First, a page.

Sunday, March 15, 2009

Bumper sticker of the day


  1. Ahh James your back. Good I was beginning to wonder.

    Anyhoo, im curious about that chart of PWC that The Anon posted the other day. You said you pay close attention to the housing data and that there is no sign of a bottom in 2009.

    Since you do follow the market so closely, I am hoping to get your opinion on PWC.

    That second chart looks like bottom to me.


  2. I hope (In a Rush Limbaugh-esque way) that you lose your job.

  3. "The downturn has accomplished what a generation of designers and planners could not: it has turned back the tide of suburban sprawl. "

    I'm the anon who was here with regular comments about the end of our sprawl-based economy. I see that another anon posted a link that supports my position. Thanks, other anon.;_ylt=AsvtVnKseoYsS1uWxxh_mWtO7sMF

  4. How to deal with vacant homes in your neighborhood
    March 14, 2009 - 8:02pm
    WASHINGTON-- You pay your mortgage on time but your neighbor didn't.
    Now there is a vacant foreclosed home on your block.

    WTOP looks at Prince William County Neighborhood Services and what it is doing to help homeowners confront this growing problem in their neighborhoods.

    Since 2007, Prince William County has had almost 11 to 12,000 foreclosures. About 4,000 of those homes have been cited for a lack of upkeep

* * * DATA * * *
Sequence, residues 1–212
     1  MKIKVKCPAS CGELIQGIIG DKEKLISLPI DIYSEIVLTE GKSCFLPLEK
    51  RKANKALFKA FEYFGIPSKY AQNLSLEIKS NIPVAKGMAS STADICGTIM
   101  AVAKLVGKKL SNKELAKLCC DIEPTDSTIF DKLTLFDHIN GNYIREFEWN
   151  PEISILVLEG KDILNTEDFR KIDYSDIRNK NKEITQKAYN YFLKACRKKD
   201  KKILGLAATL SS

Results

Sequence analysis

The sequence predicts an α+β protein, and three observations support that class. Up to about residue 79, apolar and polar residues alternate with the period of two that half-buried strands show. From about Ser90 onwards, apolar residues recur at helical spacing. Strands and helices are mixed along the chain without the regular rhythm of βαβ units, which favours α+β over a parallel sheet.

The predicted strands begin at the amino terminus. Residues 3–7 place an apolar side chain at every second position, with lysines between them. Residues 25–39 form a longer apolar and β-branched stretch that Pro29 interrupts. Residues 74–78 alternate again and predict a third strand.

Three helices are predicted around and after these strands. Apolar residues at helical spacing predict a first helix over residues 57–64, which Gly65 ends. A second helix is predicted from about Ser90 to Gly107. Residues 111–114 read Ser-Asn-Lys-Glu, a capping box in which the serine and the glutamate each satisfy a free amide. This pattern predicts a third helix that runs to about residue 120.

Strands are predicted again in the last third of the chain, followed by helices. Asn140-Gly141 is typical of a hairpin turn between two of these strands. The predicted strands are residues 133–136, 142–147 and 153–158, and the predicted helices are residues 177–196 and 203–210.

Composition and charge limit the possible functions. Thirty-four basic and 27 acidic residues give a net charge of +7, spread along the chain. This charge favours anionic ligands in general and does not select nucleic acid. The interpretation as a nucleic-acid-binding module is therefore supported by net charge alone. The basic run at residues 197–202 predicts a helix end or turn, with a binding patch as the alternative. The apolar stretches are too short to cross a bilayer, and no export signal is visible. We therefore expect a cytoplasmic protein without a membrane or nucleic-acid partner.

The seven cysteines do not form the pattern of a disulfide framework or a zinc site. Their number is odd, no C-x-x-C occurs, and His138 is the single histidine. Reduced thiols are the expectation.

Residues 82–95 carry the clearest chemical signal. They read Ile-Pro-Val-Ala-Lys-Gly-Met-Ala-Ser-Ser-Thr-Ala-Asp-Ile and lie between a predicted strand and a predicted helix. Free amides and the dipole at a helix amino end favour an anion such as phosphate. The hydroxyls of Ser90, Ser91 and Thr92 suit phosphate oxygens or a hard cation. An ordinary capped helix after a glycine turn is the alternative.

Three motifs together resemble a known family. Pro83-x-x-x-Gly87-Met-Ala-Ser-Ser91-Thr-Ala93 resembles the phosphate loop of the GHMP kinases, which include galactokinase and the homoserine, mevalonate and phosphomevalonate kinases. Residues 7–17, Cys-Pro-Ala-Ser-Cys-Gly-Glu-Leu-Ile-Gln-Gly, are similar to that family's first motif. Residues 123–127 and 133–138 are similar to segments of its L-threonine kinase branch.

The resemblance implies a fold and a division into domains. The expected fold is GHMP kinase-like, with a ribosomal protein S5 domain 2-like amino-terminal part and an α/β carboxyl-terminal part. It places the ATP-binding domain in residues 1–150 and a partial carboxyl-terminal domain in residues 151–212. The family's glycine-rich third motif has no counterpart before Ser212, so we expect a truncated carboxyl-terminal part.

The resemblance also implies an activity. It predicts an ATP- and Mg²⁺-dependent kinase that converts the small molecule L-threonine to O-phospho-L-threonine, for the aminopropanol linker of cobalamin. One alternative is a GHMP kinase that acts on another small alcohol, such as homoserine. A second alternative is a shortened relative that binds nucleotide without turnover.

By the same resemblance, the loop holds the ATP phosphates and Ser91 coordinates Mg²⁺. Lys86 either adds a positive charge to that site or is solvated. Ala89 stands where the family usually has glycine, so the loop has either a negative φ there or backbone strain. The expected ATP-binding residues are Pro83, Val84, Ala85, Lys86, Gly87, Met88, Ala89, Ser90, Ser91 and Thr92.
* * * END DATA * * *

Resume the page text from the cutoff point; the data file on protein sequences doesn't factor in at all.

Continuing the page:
Michelle Casciato, Chief of Prince William County Neighborhood Services Division, is helping to lead the fight against decaying properties in communities.

    She says her department has done everything from handing out warnings to actually going out and cleaning up properties and then sending owners the bill.

    If you find yourself in a neighborhood with many foreclosures you should try to reach out to anybody linked to the property including the new owners-whether it is a bank, an investor or even a real estate agent.

    "If there is a realtor's sign out front go ahead and give them a call and tell them that there is an issue with that property," she says. "If there isn't a realtor's sign go ahead let the local authorities know."

    If that doesn't work then Casciato says her agency can step in with legal and even financial action, while also fixing the problem.

    "The county will step in to have staff or contractors abate the violation on the property and go ahead and bill you back," Casciato said.

    You should not try to fix the property yourself. In Virginia, you are not protected if you get hurt fixing someone else's vacant home.

    You can go here to check out a list of agencies that can help you if there are vacant homes in your neighborhood.

    (Copyright 2009 by WTOP. All rights reserved.)

  5. Anonymous said...
    "I hope (In a Rush Limbaugh-esque way) that you lose your job."

    I'm not sure what a Rush Limbaugh-esque way is, but thanks.